To be clear, it's not lost on me that most vehement bicycle opponents in Barrington Hills are likely self-centered "NIMBY's" who want to drive their luxury vehicles without pesky people in their way using, you know, public roads. I really doubt any of these people ride a bike, and I wouldn't be surprised if some of them get in their cars to fetch the mail at the end of their long, gated driveways. So to be honest, I couldn't care less if a pack of cyclists makes them arrive a Woodfield Mall 30 seconds later than planned.
But the flip side is this: A lot of the time, I too am a "Fred" in my own right. You'll never see me in triathlon socks (unless I was in a triathlon), and I'd never wear the jersey of something I didn't actually win, but I do wear Lycra kits and go out on the same type of high-speed, aggressive group training rides the residents of Barrington Hills hate so much. And I have personally seen drivers get frustrated (and even intimidated) by dozens of dudes and ladies hopped up on adrenaline in a pack going 30 mph, acting like we own the place.
The same can be said about Chicago's Lakefront Path, where so-called "lakefront Lances" can be spotted doing tempo rides in dangerous proximity to pedestrians, including small children and dogs.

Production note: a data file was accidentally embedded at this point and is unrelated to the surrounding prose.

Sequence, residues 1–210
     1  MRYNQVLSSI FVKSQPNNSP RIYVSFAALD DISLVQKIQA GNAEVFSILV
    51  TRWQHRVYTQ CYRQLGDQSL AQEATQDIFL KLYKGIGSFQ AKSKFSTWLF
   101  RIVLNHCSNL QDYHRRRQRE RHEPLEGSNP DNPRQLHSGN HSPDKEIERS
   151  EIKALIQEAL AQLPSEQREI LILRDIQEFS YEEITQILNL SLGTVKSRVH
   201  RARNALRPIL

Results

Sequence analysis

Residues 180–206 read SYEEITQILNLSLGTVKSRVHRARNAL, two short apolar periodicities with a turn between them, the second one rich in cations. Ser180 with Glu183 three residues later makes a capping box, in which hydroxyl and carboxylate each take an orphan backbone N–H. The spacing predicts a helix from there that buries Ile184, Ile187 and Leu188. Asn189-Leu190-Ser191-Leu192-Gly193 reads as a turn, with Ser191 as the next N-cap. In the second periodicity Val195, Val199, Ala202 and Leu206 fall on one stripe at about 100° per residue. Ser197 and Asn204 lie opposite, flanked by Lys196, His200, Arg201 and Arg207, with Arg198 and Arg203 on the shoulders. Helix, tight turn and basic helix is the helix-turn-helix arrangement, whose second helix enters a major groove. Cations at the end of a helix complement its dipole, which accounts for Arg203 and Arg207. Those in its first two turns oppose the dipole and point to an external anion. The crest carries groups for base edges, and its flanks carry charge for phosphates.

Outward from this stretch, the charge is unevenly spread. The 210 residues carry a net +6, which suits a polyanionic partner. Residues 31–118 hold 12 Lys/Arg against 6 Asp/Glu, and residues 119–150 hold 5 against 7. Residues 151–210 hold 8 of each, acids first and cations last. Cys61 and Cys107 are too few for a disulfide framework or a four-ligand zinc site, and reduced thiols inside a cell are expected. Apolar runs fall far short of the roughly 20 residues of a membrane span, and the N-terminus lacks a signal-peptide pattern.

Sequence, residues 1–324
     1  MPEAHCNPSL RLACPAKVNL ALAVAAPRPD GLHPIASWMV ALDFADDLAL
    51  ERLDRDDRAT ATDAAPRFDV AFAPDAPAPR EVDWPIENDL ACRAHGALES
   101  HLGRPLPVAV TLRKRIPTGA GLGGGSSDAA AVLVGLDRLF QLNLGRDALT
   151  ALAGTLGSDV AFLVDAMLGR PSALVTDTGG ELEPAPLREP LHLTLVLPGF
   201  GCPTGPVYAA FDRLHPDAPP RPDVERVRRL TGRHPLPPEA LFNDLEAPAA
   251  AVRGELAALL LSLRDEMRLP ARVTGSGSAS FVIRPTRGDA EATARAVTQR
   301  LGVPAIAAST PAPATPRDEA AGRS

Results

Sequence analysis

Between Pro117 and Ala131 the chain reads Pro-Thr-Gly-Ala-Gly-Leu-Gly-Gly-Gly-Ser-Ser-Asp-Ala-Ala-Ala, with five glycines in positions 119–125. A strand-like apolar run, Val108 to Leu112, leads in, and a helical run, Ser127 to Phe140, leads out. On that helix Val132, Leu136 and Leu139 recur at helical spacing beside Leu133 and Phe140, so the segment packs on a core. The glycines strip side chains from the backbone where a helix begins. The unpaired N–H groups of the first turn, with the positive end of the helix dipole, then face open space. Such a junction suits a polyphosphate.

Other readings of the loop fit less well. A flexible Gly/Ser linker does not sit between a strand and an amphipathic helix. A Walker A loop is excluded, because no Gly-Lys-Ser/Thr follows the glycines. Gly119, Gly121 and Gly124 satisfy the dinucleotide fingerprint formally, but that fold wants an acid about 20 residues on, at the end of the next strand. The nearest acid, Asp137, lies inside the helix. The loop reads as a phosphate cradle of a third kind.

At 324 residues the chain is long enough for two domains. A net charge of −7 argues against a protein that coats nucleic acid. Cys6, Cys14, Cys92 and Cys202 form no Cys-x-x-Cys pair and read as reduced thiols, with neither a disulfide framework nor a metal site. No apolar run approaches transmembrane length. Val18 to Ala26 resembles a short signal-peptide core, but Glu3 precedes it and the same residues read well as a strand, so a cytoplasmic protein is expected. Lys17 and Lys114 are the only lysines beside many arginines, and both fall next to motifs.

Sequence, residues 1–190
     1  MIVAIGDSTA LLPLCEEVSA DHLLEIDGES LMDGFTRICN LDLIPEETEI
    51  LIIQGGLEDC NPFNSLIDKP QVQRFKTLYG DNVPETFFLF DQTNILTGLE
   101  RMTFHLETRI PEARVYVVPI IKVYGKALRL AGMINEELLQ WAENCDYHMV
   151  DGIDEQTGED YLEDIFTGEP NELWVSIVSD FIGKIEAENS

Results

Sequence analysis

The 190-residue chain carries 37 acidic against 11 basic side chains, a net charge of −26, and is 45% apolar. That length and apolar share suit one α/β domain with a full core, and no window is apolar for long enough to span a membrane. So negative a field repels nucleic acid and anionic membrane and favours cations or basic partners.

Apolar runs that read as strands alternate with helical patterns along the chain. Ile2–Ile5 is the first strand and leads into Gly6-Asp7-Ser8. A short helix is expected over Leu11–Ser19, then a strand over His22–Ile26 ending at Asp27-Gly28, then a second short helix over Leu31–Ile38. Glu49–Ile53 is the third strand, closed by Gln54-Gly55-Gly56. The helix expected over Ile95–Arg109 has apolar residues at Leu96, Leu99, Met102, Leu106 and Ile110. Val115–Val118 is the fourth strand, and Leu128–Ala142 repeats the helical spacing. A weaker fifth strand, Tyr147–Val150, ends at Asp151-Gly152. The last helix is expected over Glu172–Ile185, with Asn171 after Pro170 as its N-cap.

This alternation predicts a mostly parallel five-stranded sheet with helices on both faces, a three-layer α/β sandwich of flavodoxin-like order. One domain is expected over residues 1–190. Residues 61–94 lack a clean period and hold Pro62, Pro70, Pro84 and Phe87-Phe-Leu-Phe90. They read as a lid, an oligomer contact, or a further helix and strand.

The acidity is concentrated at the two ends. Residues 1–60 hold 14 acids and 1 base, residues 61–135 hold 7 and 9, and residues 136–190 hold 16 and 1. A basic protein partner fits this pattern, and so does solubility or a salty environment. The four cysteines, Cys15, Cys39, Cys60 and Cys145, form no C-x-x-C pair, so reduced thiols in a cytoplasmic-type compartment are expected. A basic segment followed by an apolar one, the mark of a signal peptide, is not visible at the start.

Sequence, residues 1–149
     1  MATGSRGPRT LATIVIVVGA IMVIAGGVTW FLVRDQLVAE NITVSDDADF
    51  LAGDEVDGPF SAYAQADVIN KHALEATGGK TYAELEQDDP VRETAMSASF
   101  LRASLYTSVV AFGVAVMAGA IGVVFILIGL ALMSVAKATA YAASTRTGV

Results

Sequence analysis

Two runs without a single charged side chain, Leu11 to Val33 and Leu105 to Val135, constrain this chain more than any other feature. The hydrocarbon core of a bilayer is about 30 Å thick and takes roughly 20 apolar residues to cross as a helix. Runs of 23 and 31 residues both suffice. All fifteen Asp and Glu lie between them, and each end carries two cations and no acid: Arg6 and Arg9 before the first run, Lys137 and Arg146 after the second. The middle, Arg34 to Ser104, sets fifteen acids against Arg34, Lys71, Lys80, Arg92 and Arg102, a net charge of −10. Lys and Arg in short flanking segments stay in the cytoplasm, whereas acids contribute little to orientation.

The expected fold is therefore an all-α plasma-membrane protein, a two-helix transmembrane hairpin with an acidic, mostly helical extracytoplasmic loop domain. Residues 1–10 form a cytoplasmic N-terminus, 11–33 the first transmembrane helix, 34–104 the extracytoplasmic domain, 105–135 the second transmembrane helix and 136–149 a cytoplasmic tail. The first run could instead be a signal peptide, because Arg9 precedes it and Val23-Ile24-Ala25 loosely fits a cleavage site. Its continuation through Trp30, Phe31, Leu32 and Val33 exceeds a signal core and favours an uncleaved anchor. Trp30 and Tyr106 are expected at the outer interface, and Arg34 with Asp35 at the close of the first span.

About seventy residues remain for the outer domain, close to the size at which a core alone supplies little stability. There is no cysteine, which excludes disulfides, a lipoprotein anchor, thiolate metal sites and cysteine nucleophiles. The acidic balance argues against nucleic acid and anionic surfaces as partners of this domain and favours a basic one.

What I'm saying is when I'm in roadie mode, riding a road bike, wearing Lycra clothes, motorists are probably predisposed to disliking me, and in some instances they have valid reasons to harbor prejudice.
But when I'm in roadie mode, guys like Mr. KOM and his buddy Mr. Socks will always treat me with utmost respect.
Then, when I go out with some friends for an easy ride and a lunch stop, dressed in normal clothing, motorists treat me as an equal owner of the road...and suddenly I'm the object of some Fred's derision.
And this is not an isolated incident. Whenever I'm wearing the costume, roadies and triathletes treat me as one of their own. But on many occasions, when I've been out on a sensible bike, dressed like literally 99% of the world's cycling population, spandex-clad people I've never met before have felt the need to offer their unsolicited opinions on my gear.
To me, this indicates a complete lack of understanding that most of the world uses bikes to carry groceries, run errands, ride to work, and perform all sorts of tasks that don't involve dressing like a spaceman and doing intervals in an effort to boost your functional threshold power.